The key message of this study is that the use of mussel caging and WOE is an effective and practical method for evaluating the contamination status of marine coastal areas in the Baltic Sea. Both are novel methods in this region; caging of bivalves has so far been tested in research projects only (e.g., Rank et al., 2007; Dabrowska et al., 2013; Turja et al., 2013, 2014, 2015; Lehtonen et al., 2016; Kholodkevich et al., 2017) but it has not been included in regular monitoring programmes in any of the surrounding countries. The current study was targeted at developing the caging methodology and assessing its efficiency in the coastal waters of Finland and the results show convincingly that a fully integrated field sampling methodology including simultaneous chemical and biological effects parameters (biomarkers) is a cost-efficient and effective methodology. The application of biomarkers and other biological effects methods has gained more ground in the monitoring of marine pollution (Cajaraville et al., 2000; Hagger et al., 2009; Lam, 2009) and has been recommended based on the results of large research programmes carried out also in the Baltic Sea (Lehtonen et al., 2006b, 2014). Combined with the WOE approach an integrated assessment on the status of chemical contamination can be obtained and also linked with other environmental indicators (community analyses, eutrophication, hydrography) a more holistic assessment can be achieved, showing more clearly the linkages between contamination between hazardous substances and other stressors, both natural and anthropogenic. An integrated chemical-biological monitoring yields significantly more information on the contamination status of aquatic environments compared to the chemistry-only based approach, presenting early warning signals of biological effects and also mixture/multistressor effects that would remain undiscovered without using biomarkers. However, due to the complex biological and physico-chemical interactions biomarker results measured in field populations (also caged organisms) should always be carefully examined to ensure correct data interpretation.
Data Availability Statement
The datasets generated for this study are available on request to the corresponding author.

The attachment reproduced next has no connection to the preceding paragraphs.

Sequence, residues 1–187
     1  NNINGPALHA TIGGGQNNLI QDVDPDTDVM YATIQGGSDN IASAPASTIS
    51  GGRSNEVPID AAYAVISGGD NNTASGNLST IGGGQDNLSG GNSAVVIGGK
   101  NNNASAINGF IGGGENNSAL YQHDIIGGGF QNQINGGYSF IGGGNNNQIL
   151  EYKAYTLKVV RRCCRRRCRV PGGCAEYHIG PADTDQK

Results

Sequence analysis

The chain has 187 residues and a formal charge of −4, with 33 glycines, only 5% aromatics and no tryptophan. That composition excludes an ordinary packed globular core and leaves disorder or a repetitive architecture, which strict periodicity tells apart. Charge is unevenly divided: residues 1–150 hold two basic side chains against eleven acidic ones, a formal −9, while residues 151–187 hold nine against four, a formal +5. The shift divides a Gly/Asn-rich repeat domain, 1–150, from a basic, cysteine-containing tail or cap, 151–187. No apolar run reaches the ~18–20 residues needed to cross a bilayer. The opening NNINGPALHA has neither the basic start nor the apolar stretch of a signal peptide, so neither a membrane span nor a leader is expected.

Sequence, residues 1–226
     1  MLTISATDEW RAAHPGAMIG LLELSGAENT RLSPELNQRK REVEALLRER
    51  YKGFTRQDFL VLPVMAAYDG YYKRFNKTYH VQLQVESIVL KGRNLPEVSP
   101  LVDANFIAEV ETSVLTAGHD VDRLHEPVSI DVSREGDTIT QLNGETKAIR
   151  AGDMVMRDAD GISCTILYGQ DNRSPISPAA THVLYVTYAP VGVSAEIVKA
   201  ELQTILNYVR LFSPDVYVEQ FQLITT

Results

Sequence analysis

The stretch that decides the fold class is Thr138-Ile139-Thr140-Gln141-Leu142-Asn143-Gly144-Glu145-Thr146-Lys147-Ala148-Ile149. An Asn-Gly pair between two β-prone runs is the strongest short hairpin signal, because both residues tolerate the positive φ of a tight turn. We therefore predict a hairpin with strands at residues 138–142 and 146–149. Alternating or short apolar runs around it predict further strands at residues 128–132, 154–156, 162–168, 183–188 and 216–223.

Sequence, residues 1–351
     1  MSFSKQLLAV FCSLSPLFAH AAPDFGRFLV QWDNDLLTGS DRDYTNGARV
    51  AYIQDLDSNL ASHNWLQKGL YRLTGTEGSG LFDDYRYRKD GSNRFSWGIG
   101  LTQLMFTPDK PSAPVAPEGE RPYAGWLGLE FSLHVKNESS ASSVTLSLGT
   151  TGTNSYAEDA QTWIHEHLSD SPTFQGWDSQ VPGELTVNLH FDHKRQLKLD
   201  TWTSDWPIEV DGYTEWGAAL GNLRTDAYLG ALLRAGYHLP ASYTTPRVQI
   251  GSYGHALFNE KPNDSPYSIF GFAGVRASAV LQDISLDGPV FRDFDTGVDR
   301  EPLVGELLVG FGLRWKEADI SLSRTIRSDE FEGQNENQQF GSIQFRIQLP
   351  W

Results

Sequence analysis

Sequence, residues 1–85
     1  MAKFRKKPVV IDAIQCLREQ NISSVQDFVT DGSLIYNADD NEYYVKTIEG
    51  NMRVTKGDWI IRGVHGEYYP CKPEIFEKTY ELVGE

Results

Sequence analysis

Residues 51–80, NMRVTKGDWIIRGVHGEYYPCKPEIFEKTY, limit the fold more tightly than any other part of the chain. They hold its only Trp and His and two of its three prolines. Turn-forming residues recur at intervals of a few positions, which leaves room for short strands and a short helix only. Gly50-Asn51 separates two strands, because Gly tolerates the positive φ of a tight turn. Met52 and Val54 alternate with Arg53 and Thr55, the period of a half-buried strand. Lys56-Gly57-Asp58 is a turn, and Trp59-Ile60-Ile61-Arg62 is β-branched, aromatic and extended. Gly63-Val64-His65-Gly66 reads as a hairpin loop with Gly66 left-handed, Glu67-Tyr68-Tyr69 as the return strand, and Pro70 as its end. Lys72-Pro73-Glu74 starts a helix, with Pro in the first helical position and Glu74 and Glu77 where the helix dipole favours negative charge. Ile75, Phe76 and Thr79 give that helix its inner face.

KL, HA, TK, and AL contributed conception and design of the study. All authors contributed to the organization of the database, wrote sections of the manuscript, and contributed to manuscript revision, read and approved the submitted version. KL, GE, and FR performed the statistical analysis. KL wrote the first draft of the manuscript.
Conflict of Interest
The authors declare that the research was conducted in the absence of any commercial or financial relationships that could be construed as a potential conflict of interest.
The authors are grateful to the crew of r/v Aranda and technical staff of SYKE for highly professional work performances during the deployment and recovery of the mussel cages. Jari Nuutinen and Timo Sara-Aho (SYKE) performed the PAH and trace metal analyses, respectively. Thanks are also directed to Jaakko Mannio, Katri Siimes, and Emmi Vähä for management, help, and expertize during the projects leading to this paper and its preparation. The projects MerPAH and UuPri during which the data was collected were funded by the Ministry of the Environment of Finland.
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Keywords: Baltic Sea, biomonitoring, marine pollution, mussel caging, biomarkers, weight of evidence, integrated assessment
Citation: Lehtonen KK, d'Errico G, Korpinen S, Regoli F, Ahkola H, Kinnunen T and Lastumäki A (2019) Mussel Caging and the Weight of Evidence Approach in the Assessment of Chemical Contamination in Coastal Waters of Finland (Baltic Sea). Front. Mar. Sci. 6:688. doi: 10.3389/fmars.2019.00688
Received: 28 February 2019; Accepted: 25 October 2019;
Published: 15 November 2019.
Edited by:Francois Galgani, Institut Français de Recherche pour l'Exploitation de la Mer (IFREMER), France
Reviewed by:Periyadan K. Krishnakumar, King Fahd University of Petroleum and Minerals, Saudi Arabia
Halldór Pálmar Halldórsson, University of Iceland, Iceland
Copyright © 2019 Lehtonen, d'Errico, Korpinen, Regoli, Ahkola, Kinnunen and Lastumäki. This is an open-access article distributed under the terms of the Creative Commons Attribution License (CC BY). The use, distribution or reproduction in other forums is permitted, provided the original author(s) and the copyright owner(s) are credited and that the original publication in this journal is cited, in accordance with accepted academic practice. No use, distribution or reproduction is permitted which does not comply with these terms.
*Correspondence: Kari K. Lehtonen, firstname.lastname@example.org